Tea really is a multi-faceted gem. It is so very versatile, not only in the many different types of tea but also in the many possible infusions of the same tea leaves. We are often so used to builders’ tea bags that leaf teas can be a little baffling in their diversity and are considered daunting to prepare. In this series of articles, I will briefly explore the spectrum of teas from white through green to black – but first let me demystify the making of a cup of tea.
If you are using a tea bag, carry on doing exactly what you are doing. Industrially processed teas need boiling water and long steeping to bring out the flavour. Short infusion and lower temperatures will give you grey, tasteless water.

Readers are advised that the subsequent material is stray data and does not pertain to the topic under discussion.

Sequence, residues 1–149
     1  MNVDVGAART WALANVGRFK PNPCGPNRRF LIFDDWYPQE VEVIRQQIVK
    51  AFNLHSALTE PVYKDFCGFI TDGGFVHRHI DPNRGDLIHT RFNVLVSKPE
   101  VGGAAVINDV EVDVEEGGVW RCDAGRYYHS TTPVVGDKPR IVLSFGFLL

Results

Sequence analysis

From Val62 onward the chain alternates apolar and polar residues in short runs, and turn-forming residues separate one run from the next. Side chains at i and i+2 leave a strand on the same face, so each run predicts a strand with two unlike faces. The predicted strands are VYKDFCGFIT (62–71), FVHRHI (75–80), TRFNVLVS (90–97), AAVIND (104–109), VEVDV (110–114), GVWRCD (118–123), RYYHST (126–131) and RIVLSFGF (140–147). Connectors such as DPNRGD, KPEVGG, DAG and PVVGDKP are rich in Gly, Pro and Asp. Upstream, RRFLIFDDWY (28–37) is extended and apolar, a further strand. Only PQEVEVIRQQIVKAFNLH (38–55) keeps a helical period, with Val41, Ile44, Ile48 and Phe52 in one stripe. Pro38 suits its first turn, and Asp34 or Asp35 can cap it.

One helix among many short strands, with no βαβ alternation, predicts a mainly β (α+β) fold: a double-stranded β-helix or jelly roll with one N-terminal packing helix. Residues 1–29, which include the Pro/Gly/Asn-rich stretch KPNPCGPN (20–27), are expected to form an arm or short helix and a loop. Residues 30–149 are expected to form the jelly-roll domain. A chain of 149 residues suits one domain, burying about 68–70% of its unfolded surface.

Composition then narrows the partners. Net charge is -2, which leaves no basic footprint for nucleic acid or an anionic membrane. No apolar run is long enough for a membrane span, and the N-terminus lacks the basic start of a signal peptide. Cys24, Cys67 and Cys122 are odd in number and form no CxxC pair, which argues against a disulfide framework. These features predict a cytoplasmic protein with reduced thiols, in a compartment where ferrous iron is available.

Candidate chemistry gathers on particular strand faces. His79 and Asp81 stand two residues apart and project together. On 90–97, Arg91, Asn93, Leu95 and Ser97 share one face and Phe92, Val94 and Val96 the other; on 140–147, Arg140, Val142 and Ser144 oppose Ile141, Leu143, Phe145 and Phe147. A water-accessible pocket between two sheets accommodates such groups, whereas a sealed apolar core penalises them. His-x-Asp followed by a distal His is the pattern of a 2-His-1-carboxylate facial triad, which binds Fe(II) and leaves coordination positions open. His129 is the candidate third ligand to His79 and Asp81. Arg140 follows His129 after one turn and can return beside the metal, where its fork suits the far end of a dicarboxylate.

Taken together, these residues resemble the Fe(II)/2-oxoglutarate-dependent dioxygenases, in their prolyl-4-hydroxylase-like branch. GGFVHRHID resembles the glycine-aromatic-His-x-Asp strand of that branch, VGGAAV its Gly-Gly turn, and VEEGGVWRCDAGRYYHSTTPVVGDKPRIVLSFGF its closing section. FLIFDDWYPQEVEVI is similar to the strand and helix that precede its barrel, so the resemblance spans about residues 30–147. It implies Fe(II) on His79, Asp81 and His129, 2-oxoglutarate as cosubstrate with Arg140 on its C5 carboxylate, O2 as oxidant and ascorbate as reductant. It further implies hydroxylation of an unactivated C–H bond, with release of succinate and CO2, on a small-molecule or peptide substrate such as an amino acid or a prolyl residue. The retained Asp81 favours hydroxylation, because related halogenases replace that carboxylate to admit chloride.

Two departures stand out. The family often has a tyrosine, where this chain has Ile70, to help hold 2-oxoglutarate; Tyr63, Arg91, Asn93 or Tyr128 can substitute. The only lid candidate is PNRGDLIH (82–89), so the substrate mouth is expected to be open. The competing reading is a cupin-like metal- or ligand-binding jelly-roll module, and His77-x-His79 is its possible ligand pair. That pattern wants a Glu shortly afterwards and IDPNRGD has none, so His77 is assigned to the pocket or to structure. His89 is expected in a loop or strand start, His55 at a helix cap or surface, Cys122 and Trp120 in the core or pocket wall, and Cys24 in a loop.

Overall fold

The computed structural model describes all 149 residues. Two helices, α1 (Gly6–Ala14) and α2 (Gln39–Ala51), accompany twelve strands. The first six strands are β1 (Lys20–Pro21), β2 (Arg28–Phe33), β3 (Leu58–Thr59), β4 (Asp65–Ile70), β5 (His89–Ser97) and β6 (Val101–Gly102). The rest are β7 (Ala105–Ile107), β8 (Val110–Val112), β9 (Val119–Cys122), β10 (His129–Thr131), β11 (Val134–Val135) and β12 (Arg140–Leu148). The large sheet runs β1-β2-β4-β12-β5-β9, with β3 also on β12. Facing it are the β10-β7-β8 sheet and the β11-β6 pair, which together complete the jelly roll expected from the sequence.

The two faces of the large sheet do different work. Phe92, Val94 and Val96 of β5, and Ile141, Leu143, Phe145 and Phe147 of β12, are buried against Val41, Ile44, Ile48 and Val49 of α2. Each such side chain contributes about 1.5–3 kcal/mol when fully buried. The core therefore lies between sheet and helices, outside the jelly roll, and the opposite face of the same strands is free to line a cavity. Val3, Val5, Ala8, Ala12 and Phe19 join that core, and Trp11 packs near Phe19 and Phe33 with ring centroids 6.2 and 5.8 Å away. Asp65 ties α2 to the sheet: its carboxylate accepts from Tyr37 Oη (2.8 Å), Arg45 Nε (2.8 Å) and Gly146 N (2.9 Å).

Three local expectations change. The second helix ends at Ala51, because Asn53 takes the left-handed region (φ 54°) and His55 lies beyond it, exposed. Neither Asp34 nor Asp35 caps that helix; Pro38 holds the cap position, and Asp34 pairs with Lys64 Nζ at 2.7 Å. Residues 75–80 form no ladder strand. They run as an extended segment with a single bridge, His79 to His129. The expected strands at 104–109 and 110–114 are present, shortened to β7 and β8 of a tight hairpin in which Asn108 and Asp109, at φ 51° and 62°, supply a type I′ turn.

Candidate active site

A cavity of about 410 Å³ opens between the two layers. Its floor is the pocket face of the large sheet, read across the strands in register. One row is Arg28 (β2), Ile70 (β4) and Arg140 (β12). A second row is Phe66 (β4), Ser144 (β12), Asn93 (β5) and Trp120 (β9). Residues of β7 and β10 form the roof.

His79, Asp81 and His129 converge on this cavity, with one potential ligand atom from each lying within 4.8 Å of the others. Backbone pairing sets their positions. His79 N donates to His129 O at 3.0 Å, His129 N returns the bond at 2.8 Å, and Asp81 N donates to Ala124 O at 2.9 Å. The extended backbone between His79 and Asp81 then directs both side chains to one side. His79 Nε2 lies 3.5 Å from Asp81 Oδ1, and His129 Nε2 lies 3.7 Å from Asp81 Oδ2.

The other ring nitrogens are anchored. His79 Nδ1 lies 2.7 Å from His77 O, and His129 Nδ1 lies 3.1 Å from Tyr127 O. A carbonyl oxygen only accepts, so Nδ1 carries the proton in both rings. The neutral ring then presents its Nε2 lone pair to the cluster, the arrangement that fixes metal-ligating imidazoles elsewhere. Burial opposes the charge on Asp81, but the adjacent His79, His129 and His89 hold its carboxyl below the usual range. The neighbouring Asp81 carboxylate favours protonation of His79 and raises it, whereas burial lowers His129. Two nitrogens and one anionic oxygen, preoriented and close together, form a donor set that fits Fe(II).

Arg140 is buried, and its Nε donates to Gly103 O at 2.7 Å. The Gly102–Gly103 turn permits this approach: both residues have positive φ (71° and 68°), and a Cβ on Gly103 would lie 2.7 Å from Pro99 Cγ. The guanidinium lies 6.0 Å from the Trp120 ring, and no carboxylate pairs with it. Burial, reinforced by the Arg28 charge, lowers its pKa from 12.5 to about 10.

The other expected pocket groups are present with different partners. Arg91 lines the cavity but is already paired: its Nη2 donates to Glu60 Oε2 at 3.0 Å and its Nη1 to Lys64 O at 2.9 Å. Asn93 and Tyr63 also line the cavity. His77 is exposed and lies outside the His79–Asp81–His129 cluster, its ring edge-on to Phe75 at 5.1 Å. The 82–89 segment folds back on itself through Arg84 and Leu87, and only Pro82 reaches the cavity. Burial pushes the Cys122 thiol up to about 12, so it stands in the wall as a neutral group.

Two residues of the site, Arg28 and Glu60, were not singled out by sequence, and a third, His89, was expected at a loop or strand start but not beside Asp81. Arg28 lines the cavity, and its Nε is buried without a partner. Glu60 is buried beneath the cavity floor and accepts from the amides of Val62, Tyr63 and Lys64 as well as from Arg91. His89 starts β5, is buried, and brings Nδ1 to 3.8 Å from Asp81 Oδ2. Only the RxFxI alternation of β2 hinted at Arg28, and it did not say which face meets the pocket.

Hand-crafted leaf tea is an altogether more delicious undertaking. It’s like comparing a fish to a fish finger or a fillet of beef to a frozen hamburger. They need more precise cooking but are so much more rewarding.
Making good tea is a little like making a cake; you need to follow a recipe not just mix together some flour, butter and a few eggs and throw them all in the oven for an unspecified amount of time at any old temperature. There are three main criteria to pay attention to. Once you have mastered these, you can explore each tea in all its complexity and enjoy each one just the way you like it. The temperatures and times I have suggested are just guides. You are in control. And the way you like it is right.